Edward R. Murrow had a similar purpose as V did when he gave his speech in that he brought attention to the fact that his audience needs to stand up for themselves, use their voice, and understand that the world around them has become harmful to their lives. Murrow states, "Our history will be what we make of it." He explains that is it our job to make our lives and our history meaningful and to understand the importance of our future. He asks, “Would anything happen, other than a few million people would have received a little illumination on subjects that may well determine the future of this country- and therefore the future of the corporations?” By asking this, he argued that people are somewhat aware of what is going on in the world, but they do not say or do anything about it. He emphasizes that the future is what the world makes of it and the citizens are slowly caring less about major world situations, like the “study of American policy in the Middle East,” even though these world situations have an impact on what the world will be like in years to come. He calls out mass media and technology as ultimately causing the lack of involvement in major world situations to try to help individuals understand that the world around them has become harmful. Murrow states, “We are currently wealthy, fat, comfortable and complacent…Our mass media reflect this. But unless we get up off of our fat surpluses and recognize that television in the main is being used to distract, delude, amuse and insulate us, then television and those who finance it, those who look at it and those who work at it, may see a totally different picture too late.” By saying this, Murrow is drawing attention to the fact that individuals watch television as if it is nothing. Instead of using the television as an outlet to the world around them and to being caught up on current events, individuals use it as entertainment and as a distraction from negative aspects of their lives. Murrow wants the citizens to understand that television should be used as a linking institution to inform them on major worldwide events rather than an outlet used as distraction from their surroundings. Murrow explains to the citizens that they have managed to lose their voices and need to stand up and talk about the corruptness of their society. He expresses the "importance of ideas and information" and states that we are at fault for not standing up for what we believe in and for not using mass media as a source of bettering the society. Murrow says, “There is a great and perhaps decisive battle to be fought against ignorance, intolerance and indifference. This weapon of television could be useful. This instrument can teach, it can illuminate-and yes, it can even inspire. But it can do so only to the extent that humans are determined to use it…” Murrow wants his audience to understand that they are able to take control of their own lives and that they can use the media as a linkage institution to the world rather than using it as an outlet to escape the world. His ultimate purpose was to call the citizens out for using the media as a distraction and therefore paying no mind to the world around them.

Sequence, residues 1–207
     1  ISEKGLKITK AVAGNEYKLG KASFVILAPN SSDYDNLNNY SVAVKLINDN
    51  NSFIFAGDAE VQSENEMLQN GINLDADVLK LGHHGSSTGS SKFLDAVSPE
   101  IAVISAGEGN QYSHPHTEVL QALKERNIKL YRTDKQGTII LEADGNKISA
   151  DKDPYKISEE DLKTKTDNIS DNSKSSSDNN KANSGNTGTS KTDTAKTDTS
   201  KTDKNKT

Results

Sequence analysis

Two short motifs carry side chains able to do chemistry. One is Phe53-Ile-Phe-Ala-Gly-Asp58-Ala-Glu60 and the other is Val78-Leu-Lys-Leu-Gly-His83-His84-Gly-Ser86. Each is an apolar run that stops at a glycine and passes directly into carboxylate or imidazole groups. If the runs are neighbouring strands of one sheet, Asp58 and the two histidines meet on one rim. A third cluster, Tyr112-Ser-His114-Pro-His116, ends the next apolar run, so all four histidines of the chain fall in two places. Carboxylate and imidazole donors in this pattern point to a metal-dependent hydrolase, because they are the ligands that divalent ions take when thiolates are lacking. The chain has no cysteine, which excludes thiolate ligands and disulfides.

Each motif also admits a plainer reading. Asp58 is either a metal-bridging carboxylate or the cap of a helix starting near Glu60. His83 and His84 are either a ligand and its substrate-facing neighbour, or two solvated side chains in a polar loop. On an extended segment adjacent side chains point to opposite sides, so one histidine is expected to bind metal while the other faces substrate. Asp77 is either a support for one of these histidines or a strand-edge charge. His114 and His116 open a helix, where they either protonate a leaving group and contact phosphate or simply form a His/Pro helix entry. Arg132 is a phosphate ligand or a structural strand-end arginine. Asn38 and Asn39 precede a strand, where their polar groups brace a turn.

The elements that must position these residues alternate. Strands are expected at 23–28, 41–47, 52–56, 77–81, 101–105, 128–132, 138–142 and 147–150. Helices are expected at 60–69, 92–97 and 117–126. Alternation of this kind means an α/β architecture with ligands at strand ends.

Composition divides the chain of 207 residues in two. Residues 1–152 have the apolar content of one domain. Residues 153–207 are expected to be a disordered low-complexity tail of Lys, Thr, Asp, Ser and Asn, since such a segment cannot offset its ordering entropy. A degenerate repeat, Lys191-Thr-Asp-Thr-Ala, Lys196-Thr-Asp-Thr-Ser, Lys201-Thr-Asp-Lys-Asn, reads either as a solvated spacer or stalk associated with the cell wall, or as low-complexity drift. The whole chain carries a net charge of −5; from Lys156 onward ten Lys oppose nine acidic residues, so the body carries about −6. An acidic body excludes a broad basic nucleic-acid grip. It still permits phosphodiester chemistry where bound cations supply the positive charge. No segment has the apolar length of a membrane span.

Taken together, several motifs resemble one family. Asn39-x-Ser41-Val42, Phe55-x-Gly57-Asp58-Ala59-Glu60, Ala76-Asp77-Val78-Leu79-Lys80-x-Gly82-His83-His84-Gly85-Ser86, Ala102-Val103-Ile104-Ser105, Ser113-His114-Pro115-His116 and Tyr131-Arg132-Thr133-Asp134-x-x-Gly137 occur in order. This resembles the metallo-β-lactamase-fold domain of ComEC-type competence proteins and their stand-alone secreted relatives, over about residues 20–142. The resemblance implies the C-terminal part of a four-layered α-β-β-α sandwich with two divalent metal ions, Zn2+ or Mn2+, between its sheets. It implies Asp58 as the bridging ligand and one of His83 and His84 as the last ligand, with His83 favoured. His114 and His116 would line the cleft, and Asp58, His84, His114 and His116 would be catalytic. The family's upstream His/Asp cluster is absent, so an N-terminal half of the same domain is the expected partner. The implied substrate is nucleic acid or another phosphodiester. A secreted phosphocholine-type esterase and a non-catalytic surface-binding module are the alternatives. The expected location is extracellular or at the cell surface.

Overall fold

V and Murrow are both very inspiring and use similar ideas and organization in order to get their speech across. They both start their speech by apologizing, or saying that this speech "might just do nobody any good.'" They do not start violently or overwhelmingly, because they want their audience to be with them and to trust that what they are saying is meaningful. Both V and Murrow talk about how the citizens' voices have been taken away or covered up. In V’s situation the citizen’s voices were taken by the government and for Murrow they were covered up by media. They talk about how ideas that used to be encouraged are now "dangerous thoughts.”They both put blame on the situation, but also on the citizens themselves. V states, "if you're looking for the guilty, you need only look into the mirror" and Murrow states, "if we go on as we are, then history will take its revenge..." Both are stating that the citizens are doing the wrong thing by sitting back and doing nothing; they need to stand up for themselves and for their thoughts and understand the corruption within the media and the government. They encourage their audience to realize and start to think for themselves again, rather than allowing the media or the government to control every aspect of who they are. They make it clear that individuality and how people feel and think are extremely important and that people should stand up for their ideas and who they are. V and Murrow believe that the people can do what they set their minds to and because of this they encourage them to fight for what is right for them. In V’s situation, he wants the citizen’s to fight for their voice and for their freedom; in Murrow’s situation he wants the citizens to fight the urge of using mass media as entertainment and to use it as a linkage institution instead.